Depending upon what part of the country you live, you may or not have the issue of driving on the track in the rain. We have two tips for you. If you’re wearing a closed helmet in a closed car, you most likely already know you can crack your visor to allow more air into the helmet. However, in a real downpour, it’s not going to be enough. If it’s a sudden, freak downpour and you don’t have anti-fog in your gear bag, here’s a time-honored tip. Pour just a drop of dishwashing liquid on each side of your visor and smear it around. There should only be as much as a light film. Where would you find dish soap at a race track? You can ask someone who is at the event with a camping trailer or RV, drive to a local convenience store, or even use the liquid soap in the restroom. All of the above will work.
Speaking of rain, make sure you keep your wipers in top condition during driving season and have plenty of washer fluid in the tank before you head to the track. Another issue about driving in the rain is not just to see , but to be seen. In a heavy downpour, to a car approaching from behind you’re nothing but a wall of mist, and they can’t see where your car is actually located within the ball of mist. Without knowing exactly where you are there’s the potential for a collision. Use the same rule of thumb as suggested when you drive on the streets: if your wipers are on, so should your lights. It could save you grief as well as earn you the respect of faster drivers.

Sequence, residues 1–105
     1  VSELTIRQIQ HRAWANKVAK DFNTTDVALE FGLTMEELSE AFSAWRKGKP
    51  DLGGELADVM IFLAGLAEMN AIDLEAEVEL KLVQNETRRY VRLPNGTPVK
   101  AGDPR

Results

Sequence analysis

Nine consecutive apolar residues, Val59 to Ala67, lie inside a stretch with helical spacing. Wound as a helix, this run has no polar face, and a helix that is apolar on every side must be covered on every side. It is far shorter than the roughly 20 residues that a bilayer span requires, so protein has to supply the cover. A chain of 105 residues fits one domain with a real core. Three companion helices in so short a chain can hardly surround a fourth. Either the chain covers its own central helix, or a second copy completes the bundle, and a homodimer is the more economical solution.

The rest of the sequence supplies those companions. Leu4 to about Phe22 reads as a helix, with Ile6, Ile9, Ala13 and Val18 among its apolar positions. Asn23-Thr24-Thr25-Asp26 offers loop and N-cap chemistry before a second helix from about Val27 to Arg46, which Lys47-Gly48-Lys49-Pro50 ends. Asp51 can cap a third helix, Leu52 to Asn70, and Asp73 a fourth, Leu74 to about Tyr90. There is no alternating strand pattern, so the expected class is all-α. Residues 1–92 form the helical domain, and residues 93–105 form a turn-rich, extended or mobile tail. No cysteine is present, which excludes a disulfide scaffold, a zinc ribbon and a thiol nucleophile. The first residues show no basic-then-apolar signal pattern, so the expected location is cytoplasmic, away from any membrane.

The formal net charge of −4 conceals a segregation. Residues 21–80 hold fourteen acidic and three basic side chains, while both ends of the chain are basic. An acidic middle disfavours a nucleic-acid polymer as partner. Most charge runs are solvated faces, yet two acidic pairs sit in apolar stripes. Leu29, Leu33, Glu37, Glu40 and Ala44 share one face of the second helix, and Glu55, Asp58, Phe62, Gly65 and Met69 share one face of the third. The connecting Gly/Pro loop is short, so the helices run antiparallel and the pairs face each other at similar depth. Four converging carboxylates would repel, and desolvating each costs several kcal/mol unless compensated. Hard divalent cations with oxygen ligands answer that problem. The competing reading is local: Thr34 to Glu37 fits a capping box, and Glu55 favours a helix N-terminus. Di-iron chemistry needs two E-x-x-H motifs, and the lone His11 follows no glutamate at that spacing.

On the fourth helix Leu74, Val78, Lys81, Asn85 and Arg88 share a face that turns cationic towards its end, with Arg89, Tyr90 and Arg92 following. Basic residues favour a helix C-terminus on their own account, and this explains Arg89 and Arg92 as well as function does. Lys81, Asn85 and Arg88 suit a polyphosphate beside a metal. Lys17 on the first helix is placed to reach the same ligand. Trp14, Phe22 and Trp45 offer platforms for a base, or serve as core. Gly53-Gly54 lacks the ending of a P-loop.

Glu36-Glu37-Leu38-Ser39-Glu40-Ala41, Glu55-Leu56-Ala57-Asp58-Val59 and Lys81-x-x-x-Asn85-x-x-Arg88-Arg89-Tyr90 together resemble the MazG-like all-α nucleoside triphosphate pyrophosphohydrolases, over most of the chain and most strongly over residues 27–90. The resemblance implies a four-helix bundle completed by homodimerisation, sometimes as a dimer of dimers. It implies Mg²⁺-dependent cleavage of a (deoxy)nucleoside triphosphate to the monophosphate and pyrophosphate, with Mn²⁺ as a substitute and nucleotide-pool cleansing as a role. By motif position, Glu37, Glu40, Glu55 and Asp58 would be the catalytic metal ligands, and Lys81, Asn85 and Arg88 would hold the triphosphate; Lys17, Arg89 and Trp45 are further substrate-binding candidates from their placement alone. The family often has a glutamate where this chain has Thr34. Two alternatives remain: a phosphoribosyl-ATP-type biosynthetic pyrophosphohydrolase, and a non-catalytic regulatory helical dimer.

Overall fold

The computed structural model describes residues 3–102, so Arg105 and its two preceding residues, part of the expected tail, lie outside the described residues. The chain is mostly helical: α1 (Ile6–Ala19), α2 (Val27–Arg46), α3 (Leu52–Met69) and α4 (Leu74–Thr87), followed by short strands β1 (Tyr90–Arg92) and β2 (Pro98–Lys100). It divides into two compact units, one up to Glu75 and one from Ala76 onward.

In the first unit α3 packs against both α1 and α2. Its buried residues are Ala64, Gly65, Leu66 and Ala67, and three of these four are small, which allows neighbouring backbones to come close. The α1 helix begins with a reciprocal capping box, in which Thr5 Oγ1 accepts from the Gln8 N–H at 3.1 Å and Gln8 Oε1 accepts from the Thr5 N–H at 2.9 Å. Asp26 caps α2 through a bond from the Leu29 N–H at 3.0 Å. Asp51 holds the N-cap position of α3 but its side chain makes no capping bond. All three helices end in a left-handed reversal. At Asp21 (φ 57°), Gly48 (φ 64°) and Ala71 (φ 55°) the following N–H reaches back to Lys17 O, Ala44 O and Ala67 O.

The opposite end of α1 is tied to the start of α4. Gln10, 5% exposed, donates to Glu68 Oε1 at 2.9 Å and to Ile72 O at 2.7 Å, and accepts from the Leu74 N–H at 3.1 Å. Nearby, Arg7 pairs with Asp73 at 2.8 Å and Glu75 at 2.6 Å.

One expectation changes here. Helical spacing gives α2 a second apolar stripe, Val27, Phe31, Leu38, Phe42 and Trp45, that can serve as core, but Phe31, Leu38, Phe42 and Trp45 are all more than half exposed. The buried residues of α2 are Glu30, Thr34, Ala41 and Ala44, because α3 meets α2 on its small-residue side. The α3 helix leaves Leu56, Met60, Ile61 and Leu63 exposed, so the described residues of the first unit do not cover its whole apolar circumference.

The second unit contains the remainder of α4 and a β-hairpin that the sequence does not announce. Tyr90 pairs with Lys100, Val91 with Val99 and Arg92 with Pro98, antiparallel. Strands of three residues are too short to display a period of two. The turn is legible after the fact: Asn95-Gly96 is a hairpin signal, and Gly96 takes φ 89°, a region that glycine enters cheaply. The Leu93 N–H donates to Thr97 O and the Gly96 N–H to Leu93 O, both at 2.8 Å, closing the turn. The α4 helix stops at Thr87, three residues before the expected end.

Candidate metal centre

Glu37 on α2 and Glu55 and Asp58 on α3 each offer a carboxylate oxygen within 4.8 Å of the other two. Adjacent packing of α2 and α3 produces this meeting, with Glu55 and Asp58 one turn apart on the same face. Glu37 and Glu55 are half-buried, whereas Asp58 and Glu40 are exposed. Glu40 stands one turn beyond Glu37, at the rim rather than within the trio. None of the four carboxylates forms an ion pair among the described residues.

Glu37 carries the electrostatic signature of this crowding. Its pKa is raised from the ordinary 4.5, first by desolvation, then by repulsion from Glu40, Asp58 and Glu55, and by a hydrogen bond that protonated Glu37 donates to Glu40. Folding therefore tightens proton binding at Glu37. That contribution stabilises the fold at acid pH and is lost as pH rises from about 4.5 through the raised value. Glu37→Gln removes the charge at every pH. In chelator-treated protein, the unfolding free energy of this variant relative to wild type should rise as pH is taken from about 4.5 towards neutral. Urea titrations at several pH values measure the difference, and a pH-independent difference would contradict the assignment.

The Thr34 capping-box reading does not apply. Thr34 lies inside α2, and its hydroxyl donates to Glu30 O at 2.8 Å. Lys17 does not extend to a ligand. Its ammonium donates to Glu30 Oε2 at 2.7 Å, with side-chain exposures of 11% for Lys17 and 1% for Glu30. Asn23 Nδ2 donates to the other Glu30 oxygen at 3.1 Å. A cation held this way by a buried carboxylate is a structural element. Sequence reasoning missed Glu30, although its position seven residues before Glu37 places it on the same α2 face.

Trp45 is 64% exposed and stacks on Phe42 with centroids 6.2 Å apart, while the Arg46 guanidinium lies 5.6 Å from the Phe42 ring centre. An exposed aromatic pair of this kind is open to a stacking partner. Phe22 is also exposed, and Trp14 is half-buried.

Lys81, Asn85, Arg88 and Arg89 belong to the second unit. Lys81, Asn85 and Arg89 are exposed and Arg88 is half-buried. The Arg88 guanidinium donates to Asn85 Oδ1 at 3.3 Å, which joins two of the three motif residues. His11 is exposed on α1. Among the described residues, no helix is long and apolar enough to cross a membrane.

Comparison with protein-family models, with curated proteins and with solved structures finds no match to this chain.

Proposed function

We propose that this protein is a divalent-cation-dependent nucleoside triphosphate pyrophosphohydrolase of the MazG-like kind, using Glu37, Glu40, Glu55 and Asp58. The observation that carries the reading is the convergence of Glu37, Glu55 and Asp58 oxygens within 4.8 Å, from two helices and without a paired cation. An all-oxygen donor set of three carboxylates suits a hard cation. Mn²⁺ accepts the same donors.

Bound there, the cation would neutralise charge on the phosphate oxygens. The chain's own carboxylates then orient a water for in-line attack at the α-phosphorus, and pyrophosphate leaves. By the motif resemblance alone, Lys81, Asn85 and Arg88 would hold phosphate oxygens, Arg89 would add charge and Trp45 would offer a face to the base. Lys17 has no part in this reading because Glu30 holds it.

Tear Offs In A Closed Car?
There’s a strong case to be made for drivers in open-wheel cars to use tear-offs on top of their visors. But what about drivers of closed cars? Tear-offs protect your visor from scratches and other damage that can distort your vision. It’s probably more likely that you’ll scratch your visor in the paddock than on the track. We picked a mid-price, full-featured helmet that retails for $750. The visor alone costs $150 to replace. That’s why we suggest that you apply at least a single tear-off on your visor, no matter what kind of car your drive.
Keep Your Helmet Fresh
Quick tip: if you’re racing in a class or event where a fire suit is not required, stop at your local paint shop and buy a bag of painter’s hoods. They look just like fireproof balaclavas but they’re super cheap. Wear one at your next autocross and it will wick away the sweat and leave your helmet springtime fresh.
Know Your Sound
Different tracks have different sound levels allowed from day-to-day. Be sure you know the sound limit for the day you’ll be on track and make certain your car is compliant. Keep in mind that it’s not just your car’s exhaust that determines the total output of sound. Intake noise, engine noise, transmission noise, tire noise, and noise caused by aerodynamic devices can all raise the sound profile of your vehicle. Start with a track day at a circuit with a very high sound limit and determine exactly what the sound profile of your car is. If you have plans of running at a circuit with a lower sound level, experiment at the high-sound-level track day with various changes you can make to the areas listed above. You don’t want to be black flagged on your out lap at the ‘quiet’ circuit.